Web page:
• Encourage knowledge sharing and continual learning. Let everyone know what you found out.

  • Simplify everything. Present data and outcomes in easy-to-understand terms that managers can use to make decisions (pictures, graphs, etc.)

  • Communicate plans and achievements across the organization. Don't hide results.

Create one team for big data

You will need to include marketing strategists, analytics gurus, and web developers -- and especially creatives, who may sometimes feel threatened or hampered by having to work with hard evidence.

Then integrate with those responsible for e-commerce and site optimization. No silos allowed.

Find a committed, obsessed, dedicated executive to drive the process and act as a focus for future customer experience innovations.

Your own data is best -- by far

The real-time data that your website and CRM systems are gathering is far more valuable than anything you can obtain from an outside vendor. Because it's about your own living, breathing customers.

And it is data that your competitors don't have. Advantage, you.

Here are examples of the typical aggregate data you can capitalize on in a big data strategy:

  • Acquisition source

  • Geography

  • Interaction behavior

  • Transaction behavior

  • Recency of visits

  • Frequency of visits

  • Social attributes

  • Form inputs

  • Conversion rates

  • Conversion values by product or category interests

  • Channel/Device

Aim for real-time optimization, customer by customer

For most marketers, the goal should be to make in-session decisions as to what customers should see, what offers you recommend, and what you say to them.

Craft a custom experience for each visitor, and they'll buy more.

Do all of this, and they'll be back.

Paul Dunay is the global vice president of marketing for Maxymiser.

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"Big data exabyte terrabyte or gigabyte" image via Shutterstock.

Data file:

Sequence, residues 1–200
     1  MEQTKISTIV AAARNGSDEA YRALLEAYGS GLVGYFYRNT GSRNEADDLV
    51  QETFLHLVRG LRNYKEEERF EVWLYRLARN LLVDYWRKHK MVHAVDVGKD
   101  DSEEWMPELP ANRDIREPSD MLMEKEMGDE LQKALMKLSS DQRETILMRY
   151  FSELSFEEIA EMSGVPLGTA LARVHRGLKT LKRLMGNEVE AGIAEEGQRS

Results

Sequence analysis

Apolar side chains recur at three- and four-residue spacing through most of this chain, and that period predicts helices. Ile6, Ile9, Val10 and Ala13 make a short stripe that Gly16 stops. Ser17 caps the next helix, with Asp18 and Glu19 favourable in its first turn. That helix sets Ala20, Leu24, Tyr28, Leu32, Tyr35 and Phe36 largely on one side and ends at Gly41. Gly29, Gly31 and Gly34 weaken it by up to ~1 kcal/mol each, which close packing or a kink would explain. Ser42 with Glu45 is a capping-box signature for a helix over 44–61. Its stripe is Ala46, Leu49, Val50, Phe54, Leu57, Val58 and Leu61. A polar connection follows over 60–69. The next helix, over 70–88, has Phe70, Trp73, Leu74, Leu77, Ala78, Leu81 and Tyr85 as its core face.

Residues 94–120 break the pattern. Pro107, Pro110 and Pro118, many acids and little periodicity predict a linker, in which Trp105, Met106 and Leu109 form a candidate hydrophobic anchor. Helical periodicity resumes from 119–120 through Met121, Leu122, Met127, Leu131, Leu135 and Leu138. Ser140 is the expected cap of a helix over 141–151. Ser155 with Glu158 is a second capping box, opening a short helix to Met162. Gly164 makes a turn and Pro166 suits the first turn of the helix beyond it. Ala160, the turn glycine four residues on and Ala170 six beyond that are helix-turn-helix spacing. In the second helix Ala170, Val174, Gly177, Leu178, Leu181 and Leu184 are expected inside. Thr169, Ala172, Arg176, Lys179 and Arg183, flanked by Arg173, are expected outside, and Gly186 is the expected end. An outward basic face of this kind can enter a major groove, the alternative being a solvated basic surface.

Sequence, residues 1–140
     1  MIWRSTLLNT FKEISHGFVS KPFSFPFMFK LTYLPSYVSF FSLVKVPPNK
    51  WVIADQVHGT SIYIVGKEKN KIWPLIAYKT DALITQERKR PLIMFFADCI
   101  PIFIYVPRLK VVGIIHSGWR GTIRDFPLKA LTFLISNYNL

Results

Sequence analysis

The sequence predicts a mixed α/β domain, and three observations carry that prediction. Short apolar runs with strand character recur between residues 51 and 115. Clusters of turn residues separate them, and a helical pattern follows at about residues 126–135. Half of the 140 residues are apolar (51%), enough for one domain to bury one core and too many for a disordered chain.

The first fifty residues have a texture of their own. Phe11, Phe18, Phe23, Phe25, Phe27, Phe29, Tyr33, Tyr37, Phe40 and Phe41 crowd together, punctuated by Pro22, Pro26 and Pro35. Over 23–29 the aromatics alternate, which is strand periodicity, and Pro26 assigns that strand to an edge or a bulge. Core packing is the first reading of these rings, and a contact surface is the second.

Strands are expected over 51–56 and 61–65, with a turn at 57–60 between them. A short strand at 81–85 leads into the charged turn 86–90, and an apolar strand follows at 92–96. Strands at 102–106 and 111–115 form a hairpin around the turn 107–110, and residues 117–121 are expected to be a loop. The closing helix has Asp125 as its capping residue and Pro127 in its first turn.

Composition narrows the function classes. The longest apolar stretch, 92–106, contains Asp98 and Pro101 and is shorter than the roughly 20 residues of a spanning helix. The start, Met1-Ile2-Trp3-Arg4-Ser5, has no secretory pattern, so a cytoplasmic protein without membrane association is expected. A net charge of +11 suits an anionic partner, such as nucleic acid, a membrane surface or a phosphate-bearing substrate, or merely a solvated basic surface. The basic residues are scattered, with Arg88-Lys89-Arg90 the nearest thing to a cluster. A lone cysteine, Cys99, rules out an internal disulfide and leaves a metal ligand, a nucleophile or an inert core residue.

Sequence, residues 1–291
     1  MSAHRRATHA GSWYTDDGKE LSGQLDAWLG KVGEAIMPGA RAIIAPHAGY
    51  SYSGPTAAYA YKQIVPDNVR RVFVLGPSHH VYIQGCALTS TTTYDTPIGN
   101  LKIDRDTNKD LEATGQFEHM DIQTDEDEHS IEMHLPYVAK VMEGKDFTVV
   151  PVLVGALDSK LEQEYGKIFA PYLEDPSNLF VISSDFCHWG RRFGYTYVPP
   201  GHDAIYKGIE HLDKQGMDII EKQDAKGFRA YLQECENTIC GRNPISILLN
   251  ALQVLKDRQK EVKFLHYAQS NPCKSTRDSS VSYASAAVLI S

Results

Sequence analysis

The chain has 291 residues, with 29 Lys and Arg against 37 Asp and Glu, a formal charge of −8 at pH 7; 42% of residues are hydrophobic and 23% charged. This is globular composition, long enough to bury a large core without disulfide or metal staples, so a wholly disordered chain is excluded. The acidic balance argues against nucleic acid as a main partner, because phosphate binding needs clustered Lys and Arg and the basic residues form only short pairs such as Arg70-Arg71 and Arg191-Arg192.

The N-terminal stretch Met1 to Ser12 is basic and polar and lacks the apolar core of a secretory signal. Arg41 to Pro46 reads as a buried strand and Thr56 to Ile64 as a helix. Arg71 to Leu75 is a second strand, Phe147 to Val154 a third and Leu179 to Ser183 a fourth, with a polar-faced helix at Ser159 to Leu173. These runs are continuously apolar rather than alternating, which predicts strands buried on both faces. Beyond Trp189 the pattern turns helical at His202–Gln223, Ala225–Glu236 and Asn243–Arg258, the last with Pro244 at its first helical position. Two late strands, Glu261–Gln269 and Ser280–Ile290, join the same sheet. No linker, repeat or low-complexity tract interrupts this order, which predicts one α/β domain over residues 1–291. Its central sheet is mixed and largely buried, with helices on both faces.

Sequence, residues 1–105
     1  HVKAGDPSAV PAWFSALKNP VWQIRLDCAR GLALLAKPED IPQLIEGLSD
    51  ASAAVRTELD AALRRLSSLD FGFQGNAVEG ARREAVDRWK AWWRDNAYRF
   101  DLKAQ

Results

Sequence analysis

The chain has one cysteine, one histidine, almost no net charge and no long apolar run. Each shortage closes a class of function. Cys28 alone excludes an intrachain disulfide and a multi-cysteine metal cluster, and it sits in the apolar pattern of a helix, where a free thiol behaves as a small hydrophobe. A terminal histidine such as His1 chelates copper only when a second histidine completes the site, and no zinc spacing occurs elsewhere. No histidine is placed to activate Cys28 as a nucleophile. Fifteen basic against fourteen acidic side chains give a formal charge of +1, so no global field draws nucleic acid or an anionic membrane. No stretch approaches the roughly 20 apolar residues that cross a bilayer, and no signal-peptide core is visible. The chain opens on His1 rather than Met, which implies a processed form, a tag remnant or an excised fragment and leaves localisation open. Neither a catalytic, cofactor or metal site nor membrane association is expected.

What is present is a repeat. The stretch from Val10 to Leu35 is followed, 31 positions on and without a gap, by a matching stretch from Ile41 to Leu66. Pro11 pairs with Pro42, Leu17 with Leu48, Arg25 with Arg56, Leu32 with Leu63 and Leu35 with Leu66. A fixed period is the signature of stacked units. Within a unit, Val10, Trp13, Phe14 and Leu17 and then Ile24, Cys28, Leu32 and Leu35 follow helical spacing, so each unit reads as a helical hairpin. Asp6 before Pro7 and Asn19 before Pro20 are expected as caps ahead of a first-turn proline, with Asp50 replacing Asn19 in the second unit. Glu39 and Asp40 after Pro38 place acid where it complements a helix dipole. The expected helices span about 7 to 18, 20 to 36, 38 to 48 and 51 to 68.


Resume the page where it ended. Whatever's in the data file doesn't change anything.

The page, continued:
Paul Dunay is an award-winning B2B marketing expert with more than 20 years’ success in generating demand and creating buzz for leading technology, consumer products, financial services and professional services organizations. Paul is the...

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to leave comments.

Commenter: Shep Hyken

2013, May 05

Sometimes Big Data translates to "Too Much Data.” The key is to break down the data into usable information. The hard part is to determine what is usable. Sometimes the data gives us so much information that it causes "analysis paralysis.” Big Data works best when it morphs into "Simple Data.”

Commenter: Paul Dunay

2013, April 30

@Jack - you are right and it brings up a good point to identify the metrics you think are important so you can map out what data those metrics require!

Commenter: Jack Gazdik

2013, April 29

Great read Paul. I couldn't agree more with what you had to say about aligning your big data goals with your individual business goals. Just because you have access to an incredible amount of data doesn't mean all of it is relevant to your campaign and its goals. It's important to remember that data analyzation should start before you actually have any data, by determining which metrics are important to track and which metrics may just be a waste of time.